Deciphering long-term river incision and early human occupation in the Middle Rhine Valley by Electron Spin Resonance dating (RHINESR)

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Melanie Bartz

Technique Requested:

Electron Spin Resonance (ESR)

Connecting the Alps with the North Sea, the Rhine River system represents one of the most complete sequences of fluvial archives at the continental scale. As UNESCO World Heritage Site, the Middle Rhine Valley (MRV) exhibits a well-preserved terrace flight that serves as an important record for studying the response of geological and sedimentary processes to the impact of changing environmental conditions. Moreover, these deposits host some of the oldest evidence of human presence in the area, as evidenced by the Acheulean lithic industry found at Kärlich.

While historical river adjustments have been studied extensively, reconstructing rates of landscape evolution over the Late Cenozoic period remains challenging. This lack of knowledge is mainly caused by missing chronological information in the area due to difficulties in dating such ancient terrace sediments. In this study, we use electron spin resonance (ESR) dating of quartz, which can overcome limitation arising from the upper dating range of other techniques. By directly dating the fluvial deposition of old terraces, the ESR method provides, thus, first valuable quantitative insights into the long-term evolution of the Rhine from the Pliocene onwards.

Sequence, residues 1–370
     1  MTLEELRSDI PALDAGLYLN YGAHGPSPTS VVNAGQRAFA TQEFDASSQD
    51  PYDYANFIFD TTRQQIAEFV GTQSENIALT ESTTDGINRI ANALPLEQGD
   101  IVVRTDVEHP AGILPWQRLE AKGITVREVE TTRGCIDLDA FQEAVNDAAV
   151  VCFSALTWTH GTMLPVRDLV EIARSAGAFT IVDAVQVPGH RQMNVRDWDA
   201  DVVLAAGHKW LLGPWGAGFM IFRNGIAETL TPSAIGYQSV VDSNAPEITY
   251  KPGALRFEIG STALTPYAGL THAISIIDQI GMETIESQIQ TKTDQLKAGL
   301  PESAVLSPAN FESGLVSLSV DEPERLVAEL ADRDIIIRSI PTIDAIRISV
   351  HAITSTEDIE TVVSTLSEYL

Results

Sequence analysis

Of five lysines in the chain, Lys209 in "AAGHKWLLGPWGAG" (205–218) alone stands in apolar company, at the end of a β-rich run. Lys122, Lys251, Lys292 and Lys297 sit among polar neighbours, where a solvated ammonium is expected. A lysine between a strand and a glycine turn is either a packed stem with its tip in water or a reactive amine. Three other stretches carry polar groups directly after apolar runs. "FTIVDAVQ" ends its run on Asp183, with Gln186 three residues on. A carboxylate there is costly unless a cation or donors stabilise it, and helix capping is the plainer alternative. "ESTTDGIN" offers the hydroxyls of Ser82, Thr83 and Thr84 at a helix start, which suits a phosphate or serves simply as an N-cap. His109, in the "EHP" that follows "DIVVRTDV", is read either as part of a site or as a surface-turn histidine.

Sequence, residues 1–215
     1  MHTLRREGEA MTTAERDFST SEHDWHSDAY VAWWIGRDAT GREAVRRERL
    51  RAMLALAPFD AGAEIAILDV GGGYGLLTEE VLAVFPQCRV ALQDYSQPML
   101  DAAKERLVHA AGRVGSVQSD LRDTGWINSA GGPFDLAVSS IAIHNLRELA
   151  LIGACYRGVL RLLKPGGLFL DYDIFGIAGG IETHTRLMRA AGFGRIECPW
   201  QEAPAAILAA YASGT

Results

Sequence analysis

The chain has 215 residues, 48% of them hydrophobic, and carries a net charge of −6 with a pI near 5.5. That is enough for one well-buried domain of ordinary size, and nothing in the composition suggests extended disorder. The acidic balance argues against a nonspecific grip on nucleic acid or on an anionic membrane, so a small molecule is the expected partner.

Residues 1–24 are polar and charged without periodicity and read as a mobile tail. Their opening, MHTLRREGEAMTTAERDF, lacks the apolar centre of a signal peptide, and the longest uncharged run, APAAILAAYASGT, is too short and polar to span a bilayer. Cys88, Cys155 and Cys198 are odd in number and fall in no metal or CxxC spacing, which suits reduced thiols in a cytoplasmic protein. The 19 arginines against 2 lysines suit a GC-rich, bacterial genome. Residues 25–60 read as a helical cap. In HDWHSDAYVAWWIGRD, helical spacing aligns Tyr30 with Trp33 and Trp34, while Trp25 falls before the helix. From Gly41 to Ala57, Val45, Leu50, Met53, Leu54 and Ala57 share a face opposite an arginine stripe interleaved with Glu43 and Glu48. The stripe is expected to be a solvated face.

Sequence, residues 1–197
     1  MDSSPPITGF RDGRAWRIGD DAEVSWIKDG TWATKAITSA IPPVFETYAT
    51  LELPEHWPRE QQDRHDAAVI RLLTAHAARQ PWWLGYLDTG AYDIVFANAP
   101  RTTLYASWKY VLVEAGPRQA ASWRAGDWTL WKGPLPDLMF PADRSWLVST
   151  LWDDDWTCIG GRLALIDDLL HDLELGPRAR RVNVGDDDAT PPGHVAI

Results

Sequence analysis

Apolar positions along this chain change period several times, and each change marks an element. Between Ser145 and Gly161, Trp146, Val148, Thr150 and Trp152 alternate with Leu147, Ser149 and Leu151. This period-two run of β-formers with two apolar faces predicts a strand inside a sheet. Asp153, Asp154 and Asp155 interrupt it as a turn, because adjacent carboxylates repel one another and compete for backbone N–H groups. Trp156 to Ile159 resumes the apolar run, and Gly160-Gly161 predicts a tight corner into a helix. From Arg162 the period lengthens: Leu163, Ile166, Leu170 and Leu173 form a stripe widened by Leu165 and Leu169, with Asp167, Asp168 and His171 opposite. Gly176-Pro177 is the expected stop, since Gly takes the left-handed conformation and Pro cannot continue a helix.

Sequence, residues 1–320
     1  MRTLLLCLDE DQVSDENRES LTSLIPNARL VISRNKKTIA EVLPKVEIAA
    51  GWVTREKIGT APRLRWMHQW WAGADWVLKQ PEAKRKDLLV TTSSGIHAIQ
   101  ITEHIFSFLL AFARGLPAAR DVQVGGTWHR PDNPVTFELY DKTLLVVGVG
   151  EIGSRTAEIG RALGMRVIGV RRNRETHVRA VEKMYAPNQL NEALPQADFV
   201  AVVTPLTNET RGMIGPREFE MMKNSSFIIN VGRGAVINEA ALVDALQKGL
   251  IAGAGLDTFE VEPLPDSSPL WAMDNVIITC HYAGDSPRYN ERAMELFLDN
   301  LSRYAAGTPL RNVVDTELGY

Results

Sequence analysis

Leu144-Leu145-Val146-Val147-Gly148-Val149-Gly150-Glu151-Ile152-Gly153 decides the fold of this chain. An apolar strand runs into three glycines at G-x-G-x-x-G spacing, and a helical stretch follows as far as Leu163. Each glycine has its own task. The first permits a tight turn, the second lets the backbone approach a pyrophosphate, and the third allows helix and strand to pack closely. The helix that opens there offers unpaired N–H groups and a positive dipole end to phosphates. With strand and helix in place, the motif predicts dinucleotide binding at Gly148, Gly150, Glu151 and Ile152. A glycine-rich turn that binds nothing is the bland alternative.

In total five ESR samples were measured at the ESR dating laboratory at Centro Nacional de Investigación sobre la Evolución Humana (CENIEH). The five samples were collected from three key geomorphological levels in the MRV, including the deposits associated to the archaeological findings from Kärlich. First ESR ages are stratigraphically consistent and date back to the early Pleistocene. Based on the newly established geochronological framework, we can (i) assess the time-varying incision rates over the Late Cenozoic, (ii) unravel the role of each driver responsible for the disequilibrium of the Rhine on these timescales, and (iii) chronologically constrain a main Acheulean occupation site in the area.